Agustin Goy is the last remaining “classicist” from the group of Vicente Manansala.
In the early ’70s, he was the younger man “Mang Enteng’s” (as Manansala was called by his circle) closest associates.
Mostly on weekends, this small group would go outside Manila, on sketching and painting sessions. The group would venture out to the the lakeshore towns in the east, Pampanga and Bataan in the north, on day trips.
Goy often drove and painted alongside the master, which explains why some of the vistas he rendered were the exact same landscapes Manansala portrayed. The two often sat side by side.
The maestro’s influence, as mentor, on this early group was always clear and acknowledged.
Of them, it was Goy who remained staunchly loyal to the classicist tradition, painting realist figures, still life (which he calls “bodegon”) and landscapes with the same form-perfect accuracy and exacting sensibility he has maintained the past four decades, even as his contemporaries like Romulo Olazo and Edgar Doctor had moved on to expressionism and abstraction.
As the world around him changed, and even the group he once knew (the original Saturday Group) expanded and evolved, he slowly withdrew into a solitude that allowed him to continue to master his art unaffected by passing trends.
In these years, a select handful of patrons privy to his works guarded him almost jealously, like a secret, happy to exclusively consume his studio productions. His group outings became few and far between. Exhibits would almost be reluctant participation, just to accommodate the company he once kept, and only through galleries which once supported him.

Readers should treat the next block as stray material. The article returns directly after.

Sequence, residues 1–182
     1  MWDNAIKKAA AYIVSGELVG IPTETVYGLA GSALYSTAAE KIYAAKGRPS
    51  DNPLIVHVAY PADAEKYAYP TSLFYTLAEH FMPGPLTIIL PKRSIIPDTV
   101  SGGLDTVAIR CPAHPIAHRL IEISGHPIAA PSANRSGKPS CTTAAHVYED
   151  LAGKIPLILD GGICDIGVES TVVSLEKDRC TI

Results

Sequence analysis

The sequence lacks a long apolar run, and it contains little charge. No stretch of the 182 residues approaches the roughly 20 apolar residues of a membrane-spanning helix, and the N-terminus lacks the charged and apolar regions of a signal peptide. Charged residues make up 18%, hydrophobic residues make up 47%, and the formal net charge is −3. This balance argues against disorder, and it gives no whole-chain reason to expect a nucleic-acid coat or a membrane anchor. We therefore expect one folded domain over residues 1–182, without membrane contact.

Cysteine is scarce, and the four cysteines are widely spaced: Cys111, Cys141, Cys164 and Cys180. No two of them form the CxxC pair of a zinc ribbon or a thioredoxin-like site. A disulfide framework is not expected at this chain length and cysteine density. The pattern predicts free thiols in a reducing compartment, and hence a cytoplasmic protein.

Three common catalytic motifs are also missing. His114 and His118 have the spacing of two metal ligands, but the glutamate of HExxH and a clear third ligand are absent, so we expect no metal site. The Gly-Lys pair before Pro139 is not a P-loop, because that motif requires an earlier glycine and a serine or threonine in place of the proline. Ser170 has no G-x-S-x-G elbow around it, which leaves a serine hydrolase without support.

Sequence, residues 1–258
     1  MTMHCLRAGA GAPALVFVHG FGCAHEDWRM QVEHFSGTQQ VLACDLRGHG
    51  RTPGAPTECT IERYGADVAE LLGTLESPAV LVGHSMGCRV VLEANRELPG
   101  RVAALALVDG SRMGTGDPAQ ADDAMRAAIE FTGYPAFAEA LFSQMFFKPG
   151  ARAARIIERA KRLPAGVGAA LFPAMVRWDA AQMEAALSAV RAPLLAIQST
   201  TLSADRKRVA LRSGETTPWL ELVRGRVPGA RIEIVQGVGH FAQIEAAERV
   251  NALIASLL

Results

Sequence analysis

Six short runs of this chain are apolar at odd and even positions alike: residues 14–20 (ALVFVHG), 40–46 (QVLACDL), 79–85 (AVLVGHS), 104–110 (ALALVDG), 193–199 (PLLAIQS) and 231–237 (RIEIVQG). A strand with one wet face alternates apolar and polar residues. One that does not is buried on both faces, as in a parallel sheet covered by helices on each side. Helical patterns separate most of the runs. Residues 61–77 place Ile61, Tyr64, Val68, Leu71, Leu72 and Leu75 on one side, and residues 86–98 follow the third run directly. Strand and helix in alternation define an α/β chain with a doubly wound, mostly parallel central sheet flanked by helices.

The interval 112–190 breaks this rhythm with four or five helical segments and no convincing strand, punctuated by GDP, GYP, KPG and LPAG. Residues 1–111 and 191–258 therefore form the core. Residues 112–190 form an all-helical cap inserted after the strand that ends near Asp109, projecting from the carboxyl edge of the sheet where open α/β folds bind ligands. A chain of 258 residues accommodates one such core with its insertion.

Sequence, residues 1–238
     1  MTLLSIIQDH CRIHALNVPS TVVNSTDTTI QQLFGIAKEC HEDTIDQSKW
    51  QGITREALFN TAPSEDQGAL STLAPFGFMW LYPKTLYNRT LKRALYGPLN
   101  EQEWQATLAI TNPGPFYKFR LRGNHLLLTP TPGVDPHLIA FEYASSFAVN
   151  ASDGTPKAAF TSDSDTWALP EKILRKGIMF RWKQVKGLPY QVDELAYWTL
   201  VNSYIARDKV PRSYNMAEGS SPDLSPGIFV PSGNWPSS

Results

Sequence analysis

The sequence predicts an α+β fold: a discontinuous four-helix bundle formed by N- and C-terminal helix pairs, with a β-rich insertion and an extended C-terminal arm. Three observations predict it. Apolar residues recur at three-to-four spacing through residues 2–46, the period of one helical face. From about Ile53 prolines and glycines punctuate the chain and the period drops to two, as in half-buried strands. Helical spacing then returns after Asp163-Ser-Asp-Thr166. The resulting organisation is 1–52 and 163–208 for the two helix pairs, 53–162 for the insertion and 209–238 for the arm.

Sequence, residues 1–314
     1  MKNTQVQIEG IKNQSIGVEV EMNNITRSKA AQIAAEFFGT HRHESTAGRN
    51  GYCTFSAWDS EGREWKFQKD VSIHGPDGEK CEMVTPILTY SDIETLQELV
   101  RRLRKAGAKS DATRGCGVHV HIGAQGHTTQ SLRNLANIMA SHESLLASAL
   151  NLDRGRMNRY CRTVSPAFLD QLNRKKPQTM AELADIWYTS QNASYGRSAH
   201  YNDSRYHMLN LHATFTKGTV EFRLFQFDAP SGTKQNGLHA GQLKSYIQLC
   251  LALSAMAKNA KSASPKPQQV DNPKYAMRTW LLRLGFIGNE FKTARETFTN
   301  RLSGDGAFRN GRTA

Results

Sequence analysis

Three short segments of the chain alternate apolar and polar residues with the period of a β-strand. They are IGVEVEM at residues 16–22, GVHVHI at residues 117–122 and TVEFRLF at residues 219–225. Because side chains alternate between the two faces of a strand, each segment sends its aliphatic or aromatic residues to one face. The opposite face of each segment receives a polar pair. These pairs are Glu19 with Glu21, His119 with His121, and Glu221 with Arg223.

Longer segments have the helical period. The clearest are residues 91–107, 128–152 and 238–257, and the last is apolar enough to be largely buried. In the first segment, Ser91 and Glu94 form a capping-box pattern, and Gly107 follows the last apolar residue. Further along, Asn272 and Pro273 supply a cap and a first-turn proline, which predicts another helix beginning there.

Practically nothing has been heard of him since the late ’90s so that the younger set of collectors and even some older ones presumed he had passed.
In fact, meanwhile, he continues to work undistracted, cocooned in a silence of his own choosing, producing large masterful pieces of his trademark subjects.
He has produced some of the largest tempera/pastel works ever rendered locally, including a painting of a bull relaxing regally on a grassy landscape. It measures an impressive 51x 80 inches on paper.
For Manilart 2013, Goy was coaxed back into the exhibition scene. Twenty-three of his works, spanning four decades, from 1971 to 2013, form part of the collection.
To those who knew of Goy and his works, this came as a surprise, an unexpected comeback for the 78-year-old artist.
For those beholding his paintings for the first time, it was a marvel that such a classicist of an era is still around.
What both agree on is that his works are those of a master from a golden era in Philippine art. It is fortunate that this generation can still enjoy them now. In years to come they will be part of Philippine patrimony.
Select works from “Figuras, Paisajes y Bodegon” are on extended view at Gallery Nine, SM Megamall. Call 9108016.